Unequal income fuels BIG calls – Ngurare

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WINDHOEK — The Swapo Youth League (SPYL) secretary, Dr Elijah Ngurare, says if every Namibian stood to benefit from the economic wealth of the country equitably there would be no need for calls for subventions such as the Basic Income Grant (BIG).

However, if only a few monopolise the wealth of the country for their own selfish interests, the voices of the poor would become louder and louder.
Ngurare was responding to questions regarding the stance of the SPYL on BIG as many individuals in civil society, political parties and churches have called for the implementation of such a welfare intervention to help those without regular income.
The league’s secretary for labour, Paulus Mbangu, recently called on Treasury to introduce BIG and refuted the government’s fears that such a programme would increase laziness and dependency on the state.
Mbangu reportedly said that introducing BIG would tackle poverty and free people from debilitating and dehumanising circumstances.
Ngurare would not say whether the youth league per se officially supported BIG or not, but added that “the level of poverty in the informal settlements and rural areas is beyond debate”.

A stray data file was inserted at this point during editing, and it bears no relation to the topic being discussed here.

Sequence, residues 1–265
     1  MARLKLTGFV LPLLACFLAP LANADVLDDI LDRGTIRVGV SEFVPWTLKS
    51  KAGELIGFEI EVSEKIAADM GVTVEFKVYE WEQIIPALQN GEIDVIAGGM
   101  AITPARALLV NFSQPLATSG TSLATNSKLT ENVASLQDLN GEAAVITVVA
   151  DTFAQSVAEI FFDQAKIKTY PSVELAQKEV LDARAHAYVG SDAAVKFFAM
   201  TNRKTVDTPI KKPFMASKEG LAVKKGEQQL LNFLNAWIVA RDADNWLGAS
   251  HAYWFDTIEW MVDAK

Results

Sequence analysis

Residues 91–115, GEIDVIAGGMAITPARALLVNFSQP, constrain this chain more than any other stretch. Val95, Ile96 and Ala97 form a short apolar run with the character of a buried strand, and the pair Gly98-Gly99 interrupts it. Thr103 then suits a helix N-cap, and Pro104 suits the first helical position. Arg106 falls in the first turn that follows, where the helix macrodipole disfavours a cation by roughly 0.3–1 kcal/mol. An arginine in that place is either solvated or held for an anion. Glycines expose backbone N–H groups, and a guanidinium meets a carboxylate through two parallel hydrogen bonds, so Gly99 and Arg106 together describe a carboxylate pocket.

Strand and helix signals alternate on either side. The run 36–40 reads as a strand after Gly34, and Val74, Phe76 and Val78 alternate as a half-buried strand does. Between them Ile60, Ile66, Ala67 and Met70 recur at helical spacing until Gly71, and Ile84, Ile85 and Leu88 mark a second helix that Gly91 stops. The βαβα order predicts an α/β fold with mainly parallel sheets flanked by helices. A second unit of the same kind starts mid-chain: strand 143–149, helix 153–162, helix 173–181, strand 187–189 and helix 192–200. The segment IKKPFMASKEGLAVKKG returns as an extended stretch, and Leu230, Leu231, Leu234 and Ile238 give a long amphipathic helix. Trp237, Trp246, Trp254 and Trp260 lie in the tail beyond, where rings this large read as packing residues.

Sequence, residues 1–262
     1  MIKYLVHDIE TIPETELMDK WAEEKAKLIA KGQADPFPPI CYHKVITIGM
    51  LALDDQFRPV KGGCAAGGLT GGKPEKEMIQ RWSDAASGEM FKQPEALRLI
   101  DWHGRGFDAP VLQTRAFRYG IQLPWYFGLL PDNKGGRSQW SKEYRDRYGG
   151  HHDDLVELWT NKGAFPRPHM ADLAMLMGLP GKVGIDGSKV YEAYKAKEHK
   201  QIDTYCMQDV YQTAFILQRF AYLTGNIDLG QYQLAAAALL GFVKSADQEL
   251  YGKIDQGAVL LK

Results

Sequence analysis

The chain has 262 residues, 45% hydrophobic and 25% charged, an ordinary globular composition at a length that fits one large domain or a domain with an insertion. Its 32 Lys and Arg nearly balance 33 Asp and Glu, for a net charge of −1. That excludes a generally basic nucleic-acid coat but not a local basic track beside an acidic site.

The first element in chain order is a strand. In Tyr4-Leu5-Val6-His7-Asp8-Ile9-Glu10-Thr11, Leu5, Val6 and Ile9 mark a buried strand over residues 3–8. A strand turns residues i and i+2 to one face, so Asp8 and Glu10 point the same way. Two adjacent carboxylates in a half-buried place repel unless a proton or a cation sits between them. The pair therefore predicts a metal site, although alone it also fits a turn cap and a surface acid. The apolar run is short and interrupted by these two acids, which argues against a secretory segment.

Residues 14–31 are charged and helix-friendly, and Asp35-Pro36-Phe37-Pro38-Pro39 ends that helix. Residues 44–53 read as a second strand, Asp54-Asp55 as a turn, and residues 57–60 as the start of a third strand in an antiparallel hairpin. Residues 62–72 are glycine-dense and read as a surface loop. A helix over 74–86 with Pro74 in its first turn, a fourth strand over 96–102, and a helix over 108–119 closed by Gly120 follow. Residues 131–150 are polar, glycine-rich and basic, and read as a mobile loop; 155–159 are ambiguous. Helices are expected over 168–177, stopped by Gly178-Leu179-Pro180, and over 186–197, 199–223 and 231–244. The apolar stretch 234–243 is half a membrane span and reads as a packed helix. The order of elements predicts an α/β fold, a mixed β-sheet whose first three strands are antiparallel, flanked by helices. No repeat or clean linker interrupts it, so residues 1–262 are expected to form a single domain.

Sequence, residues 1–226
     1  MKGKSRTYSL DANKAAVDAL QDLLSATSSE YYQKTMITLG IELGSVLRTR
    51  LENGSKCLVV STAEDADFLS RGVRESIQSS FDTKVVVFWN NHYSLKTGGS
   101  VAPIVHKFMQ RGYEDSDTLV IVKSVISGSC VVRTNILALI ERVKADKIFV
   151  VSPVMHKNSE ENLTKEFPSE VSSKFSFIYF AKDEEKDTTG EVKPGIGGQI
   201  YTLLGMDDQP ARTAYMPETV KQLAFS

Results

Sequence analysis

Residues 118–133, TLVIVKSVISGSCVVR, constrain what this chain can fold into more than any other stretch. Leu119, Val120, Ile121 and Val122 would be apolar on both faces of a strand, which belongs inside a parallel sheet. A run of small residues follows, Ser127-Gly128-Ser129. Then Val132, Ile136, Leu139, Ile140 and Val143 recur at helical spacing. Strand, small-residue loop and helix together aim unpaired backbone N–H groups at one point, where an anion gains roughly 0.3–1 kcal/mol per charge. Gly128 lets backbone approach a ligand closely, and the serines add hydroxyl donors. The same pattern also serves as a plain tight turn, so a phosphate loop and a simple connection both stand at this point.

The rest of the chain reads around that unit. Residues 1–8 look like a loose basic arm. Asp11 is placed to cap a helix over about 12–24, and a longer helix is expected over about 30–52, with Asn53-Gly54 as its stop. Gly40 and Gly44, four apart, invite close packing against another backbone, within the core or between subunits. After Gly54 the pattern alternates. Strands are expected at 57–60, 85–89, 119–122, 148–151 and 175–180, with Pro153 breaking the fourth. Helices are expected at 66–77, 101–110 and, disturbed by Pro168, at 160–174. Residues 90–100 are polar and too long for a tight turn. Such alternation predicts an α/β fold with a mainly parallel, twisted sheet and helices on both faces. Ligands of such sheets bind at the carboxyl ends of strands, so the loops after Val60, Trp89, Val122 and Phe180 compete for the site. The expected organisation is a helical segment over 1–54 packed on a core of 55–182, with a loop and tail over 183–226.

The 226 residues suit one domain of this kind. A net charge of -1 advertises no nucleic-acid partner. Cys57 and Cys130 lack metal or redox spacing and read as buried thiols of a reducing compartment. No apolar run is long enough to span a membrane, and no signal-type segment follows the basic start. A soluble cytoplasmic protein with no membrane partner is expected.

“We are heartened that our Swapo Party presidential candidate Cde Dr Hage Geingob declared war on poverty with a suggestion to consider a stand-alone Ministry on Poverty Eradication,” said Ngurare.
Geingob is said to have made the remark at a Swapo star rally at Khorixas on Sunday in the run-up to the general elections in November.
“We support him completely,” said Ngurare, adding that such a ministry would incorporate the existing food/cash-for-work programmes to enable every poor Namibian a predictable income or support as contemplated by the proponents of BIG.
Geingob also expressed his support for BIG in 2012 during campaigns for the Swapo vice-presidency, but the purported initiative did not feature anywhere in the 2014 Swapo election manifesto.
Proponents of BIG have called on government to come up with better alternatives to alleviate poverty or introduce BIG, which was first introduced to Omitara’s Otjivero community as a pilot project.
Residents received an allowance of between N$80 and N$100 per person.
Government has snubbed BIG since its introduction in 2009.
The DTA also threw its weight behind BIG as a national poverty strategy that would assist towards reducing hardships for the most destitute.
The party promised to identify the 100 most backward constituencies and towns and bring them on par with other areas through prioritised and integrated development.

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